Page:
According to our go to guy, our trusted fount of all known knowledge, the word ‘illustration’ comes from the latin word ‘illustra’tio’ or ‘illu’stro’ meaning ‘enlighten’ or ‘irradiate’ – ‘irradiate’ meaning ‘illuminate (something) by or as if by shining light on it’.
Thought as much.
Since I became an interpretive designer – since February 2014 – I have commissioned more illustration than I have during the rest of my long, roller-coastering career. I've worked with visualisers before, to capture concepts, but not so much illustrators, to capture stories. As interpretive designers though, a large part of our remit is to bring stories to life – to shine a light on them. To, as the godfather of this discipline put it, 'make the remote, coherent'.
And boy, what a tool illustration is – what a pleasure it is to commission illustration and what a joy it is to see the work of amazingly talented artists. With illustration we can visualise the impossible to see; the legends and maybe-truths. The romantic I-hope-it-happeneds or the horrific how-awful-that-must-have-beens.
With illustration we can capture not just scenes beyond our time and vision but imagined emotions – we can fulfil the primary directive of interpretation, to paraphrase Tilden, we can, 'relate what is being displayed or described to something within the personality or experience of the visitor'.
We can compress and combine ideas – illustration is an extremely pliable tool. But that's not all, illustrators can add more than just their ability to render a scene in a technically acceptable way – they can do it in style – with their own style.
These pieces are by a local illustrator, Sam Hunter. I've had the pleasure of working with Sam a few times since I moved to Belfast but over that last year Sam's done loads for us. And he's done it with a startling panache, a 'flamboyant confidence of style or manner' (seeing as we're using definitions a bit here).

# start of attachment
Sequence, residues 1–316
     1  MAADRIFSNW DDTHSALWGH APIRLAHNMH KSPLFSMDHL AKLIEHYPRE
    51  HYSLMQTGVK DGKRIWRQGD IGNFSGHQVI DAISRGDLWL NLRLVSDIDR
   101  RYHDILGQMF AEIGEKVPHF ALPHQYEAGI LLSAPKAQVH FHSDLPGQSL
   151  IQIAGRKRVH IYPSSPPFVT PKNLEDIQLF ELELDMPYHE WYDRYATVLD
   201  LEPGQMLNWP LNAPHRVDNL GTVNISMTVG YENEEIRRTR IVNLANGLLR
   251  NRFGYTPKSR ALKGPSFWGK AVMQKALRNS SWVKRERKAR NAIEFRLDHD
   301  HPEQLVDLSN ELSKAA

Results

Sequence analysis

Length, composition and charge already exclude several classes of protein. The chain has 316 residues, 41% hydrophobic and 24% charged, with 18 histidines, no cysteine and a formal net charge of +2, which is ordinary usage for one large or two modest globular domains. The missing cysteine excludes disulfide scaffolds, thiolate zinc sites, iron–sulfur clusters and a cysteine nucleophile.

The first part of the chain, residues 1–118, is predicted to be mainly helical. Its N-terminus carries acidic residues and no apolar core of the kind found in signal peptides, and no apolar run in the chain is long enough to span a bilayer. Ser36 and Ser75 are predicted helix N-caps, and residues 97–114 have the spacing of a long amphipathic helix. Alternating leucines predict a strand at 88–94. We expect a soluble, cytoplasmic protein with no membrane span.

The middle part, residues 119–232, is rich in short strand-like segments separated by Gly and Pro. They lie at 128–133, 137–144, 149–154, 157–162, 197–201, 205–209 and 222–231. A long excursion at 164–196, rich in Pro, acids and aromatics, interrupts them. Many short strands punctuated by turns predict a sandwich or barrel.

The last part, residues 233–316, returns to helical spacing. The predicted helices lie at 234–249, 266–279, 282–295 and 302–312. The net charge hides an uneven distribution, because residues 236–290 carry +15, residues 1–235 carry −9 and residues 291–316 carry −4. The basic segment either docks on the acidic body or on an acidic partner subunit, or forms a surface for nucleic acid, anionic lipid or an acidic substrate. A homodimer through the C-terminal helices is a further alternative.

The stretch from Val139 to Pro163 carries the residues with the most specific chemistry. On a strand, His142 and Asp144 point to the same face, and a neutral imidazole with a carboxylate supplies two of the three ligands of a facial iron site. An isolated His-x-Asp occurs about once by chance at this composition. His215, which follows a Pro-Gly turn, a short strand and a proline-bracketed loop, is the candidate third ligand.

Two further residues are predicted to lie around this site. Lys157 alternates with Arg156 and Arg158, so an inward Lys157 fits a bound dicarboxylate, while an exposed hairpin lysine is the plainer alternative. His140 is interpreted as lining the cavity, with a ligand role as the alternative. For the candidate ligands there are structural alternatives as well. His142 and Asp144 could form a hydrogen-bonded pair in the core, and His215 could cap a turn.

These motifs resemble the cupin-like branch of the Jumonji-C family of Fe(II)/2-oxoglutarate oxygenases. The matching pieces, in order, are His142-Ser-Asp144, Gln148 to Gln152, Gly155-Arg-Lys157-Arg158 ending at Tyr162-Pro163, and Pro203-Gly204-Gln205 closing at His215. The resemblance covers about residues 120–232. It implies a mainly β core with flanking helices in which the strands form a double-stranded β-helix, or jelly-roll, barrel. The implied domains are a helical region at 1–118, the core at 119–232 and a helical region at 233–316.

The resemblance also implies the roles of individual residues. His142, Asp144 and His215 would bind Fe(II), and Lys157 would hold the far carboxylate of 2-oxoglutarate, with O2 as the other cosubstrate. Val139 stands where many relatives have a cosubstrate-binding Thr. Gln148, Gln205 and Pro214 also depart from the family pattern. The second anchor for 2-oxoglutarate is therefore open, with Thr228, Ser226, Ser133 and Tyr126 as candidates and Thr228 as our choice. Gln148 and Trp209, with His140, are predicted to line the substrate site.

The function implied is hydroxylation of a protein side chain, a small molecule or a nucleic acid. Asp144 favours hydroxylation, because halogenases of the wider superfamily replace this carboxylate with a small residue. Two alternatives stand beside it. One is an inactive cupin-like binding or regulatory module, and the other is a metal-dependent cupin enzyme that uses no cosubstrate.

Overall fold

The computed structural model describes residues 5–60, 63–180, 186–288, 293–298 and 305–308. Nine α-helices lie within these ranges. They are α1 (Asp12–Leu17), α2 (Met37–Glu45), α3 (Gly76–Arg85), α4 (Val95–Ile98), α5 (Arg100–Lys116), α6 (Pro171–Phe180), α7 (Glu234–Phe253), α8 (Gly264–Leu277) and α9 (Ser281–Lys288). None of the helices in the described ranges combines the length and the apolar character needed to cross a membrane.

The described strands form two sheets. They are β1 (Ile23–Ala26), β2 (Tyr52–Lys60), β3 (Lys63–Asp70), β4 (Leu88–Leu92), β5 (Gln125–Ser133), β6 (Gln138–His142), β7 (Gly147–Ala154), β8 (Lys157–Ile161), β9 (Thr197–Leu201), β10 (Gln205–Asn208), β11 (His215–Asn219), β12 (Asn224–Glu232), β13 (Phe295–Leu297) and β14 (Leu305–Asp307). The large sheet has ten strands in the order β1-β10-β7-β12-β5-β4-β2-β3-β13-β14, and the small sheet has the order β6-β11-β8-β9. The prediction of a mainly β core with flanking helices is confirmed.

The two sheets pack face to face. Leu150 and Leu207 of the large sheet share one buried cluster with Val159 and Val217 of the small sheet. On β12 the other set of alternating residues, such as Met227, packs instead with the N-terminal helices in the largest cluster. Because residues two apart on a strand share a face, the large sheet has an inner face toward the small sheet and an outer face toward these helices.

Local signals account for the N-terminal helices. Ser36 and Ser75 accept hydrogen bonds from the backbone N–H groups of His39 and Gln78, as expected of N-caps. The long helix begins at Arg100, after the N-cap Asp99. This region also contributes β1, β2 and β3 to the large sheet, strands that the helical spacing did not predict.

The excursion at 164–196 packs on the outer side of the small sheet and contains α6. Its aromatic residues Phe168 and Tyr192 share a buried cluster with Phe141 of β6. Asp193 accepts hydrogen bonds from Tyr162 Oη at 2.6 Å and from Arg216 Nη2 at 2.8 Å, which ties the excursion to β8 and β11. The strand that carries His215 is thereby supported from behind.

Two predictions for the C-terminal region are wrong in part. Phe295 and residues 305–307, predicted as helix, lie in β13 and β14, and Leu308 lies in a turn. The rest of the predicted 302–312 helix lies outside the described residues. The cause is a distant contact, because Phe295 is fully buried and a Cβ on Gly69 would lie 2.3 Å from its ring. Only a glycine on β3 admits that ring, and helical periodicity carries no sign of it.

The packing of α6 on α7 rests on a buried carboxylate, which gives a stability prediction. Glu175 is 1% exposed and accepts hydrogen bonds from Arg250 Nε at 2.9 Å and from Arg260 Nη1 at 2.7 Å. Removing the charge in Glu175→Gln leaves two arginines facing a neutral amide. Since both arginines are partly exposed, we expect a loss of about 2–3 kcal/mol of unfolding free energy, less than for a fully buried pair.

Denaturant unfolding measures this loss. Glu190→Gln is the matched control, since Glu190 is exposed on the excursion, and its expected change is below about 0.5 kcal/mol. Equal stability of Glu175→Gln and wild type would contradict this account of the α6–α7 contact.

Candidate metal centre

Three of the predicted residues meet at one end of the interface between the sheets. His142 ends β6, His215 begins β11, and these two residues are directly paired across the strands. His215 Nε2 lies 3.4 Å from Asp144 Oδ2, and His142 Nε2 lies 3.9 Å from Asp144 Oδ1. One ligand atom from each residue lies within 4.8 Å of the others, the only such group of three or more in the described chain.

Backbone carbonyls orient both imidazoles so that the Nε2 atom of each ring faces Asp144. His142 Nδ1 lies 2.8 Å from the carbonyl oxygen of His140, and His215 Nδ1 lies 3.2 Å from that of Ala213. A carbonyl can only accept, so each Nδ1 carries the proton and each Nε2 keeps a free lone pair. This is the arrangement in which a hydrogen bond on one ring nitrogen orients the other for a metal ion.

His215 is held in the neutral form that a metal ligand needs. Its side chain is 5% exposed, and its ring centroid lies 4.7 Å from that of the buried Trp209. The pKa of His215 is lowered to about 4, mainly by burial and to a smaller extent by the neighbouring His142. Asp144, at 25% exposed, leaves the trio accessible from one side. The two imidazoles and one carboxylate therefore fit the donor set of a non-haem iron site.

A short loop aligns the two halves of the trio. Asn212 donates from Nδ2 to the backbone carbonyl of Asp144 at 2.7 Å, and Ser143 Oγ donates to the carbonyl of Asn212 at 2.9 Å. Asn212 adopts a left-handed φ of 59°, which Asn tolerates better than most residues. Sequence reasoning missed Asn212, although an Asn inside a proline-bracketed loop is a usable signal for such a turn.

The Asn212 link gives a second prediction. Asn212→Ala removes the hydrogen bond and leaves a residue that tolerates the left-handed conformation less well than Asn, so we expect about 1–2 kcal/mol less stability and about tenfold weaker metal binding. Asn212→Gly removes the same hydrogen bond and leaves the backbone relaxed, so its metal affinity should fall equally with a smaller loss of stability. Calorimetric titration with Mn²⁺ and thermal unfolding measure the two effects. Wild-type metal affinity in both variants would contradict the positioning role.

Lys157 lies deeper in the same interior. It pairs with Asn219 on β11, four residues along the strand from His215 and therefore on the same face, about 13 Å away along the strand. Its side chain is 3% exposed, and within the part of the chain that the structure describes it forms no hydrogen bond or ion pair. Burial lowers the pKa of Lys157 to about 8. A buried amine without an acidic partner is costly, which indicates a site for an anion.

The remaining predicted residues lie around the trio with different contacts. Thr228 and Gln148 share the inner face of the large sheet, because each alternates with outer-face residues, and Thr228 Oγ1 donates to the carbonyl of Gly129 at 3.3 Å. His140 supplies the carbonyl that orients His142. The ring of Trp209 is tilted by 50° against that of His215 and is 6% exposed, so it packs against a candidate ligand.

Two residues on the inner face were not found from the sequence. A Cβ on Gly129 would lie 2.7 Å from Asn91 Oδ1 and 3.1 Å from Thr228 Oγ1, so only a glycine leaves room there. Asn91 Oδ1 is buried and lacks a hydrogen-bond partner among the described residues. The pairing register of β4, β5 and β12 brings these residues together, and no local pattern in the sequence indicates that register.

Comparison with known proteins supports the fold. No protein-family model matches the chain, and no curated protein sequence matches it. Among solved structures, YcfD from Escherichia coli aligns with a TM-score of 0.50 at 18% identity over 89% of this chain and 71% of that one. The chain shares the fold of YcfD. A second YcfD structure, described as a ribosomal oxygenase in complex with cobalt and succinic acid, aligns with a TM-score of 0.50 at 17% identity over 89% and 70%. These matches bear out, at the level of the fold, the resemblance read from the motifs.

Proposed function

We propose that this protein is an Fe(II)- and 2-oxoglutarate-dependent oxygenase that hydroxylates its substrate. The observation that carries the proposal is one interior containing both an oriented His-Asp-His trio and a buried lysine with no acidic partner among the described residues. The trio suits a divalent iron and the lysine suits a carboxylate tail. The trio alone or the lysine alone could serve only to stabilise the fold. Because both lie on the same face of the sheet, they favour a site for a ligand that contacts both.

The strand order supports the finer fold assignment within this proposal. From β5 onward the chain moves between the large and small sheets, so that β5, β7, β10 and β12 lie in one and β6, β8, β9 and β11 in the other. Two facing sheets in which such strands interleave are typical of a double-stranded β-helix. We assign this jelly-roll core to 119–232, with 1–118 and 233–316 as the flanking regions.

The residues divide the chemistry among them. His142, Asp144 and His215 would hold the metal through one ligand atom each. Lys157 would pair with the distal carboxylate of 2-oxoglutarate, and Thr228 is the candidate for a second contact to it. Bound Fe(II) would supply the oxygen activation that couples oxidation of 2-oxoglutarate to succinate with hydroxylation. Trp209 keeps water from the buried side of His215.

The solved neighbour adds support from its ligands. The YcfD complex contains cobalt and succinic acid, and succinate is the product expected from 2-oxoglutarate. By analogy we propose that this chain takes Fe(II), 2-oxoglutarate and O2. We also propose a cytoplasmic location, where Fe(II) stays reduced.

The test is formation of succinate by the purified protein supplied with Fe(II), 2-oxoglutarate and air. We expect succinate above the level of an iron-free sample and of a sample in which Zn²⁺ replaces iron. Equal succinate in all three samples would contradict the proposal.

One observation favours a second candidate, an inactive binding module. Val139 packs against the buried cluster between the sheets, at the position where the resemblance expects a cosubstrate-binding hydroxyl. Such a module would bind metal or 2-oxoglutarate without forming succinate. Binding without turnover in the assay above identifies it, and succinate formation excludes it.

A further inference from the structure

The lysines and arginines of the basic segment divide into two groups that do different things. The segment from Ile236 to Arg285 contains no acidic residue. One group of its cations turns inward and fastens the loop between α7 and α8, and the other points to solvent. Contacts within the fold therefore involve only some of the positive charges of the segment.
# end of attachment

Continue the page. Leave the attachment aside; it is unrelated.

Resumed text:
His linework astonishes me. Each piece is more than fit for purpose and more than answers the brief well, they delight. They also baffle me. How does he do it? Sam's illustrations display such flare (such 'flamboyant confidence of style or manner'). How come those squiggly, scribbly lines work so well? It's alchemy to me. Delightful alchemy.
We're using these on outdoor graphic panels that will be installed at points along Ireland's Wild Atlantic Way. The illustrations will bring local legends or unique episodes in history to life. One shows how children used to stilt-walk across a shallow causeway to school everyday; another is about an evil, poisonously spinned wart hog that, it is said, would emerge from the sea with murderous intent; another depicts a town's worst fishing disaster, which happened when a storm was summoned by a rather unneighbourly sorceress.
I could go on but maybe you see my point. Illustration may be one of the simplest tools for interpretation – the discipline is, after all, 'an art which combines many arts' – but it's also one of the most accessible and, perhaps, most powerful thanks to how varied styles can be (we can choose what best suits each opportunity) and how pliable the end piece can be (we can make it do what we want it to do). The key to all this, of course, is the skill and flare of the illustrator.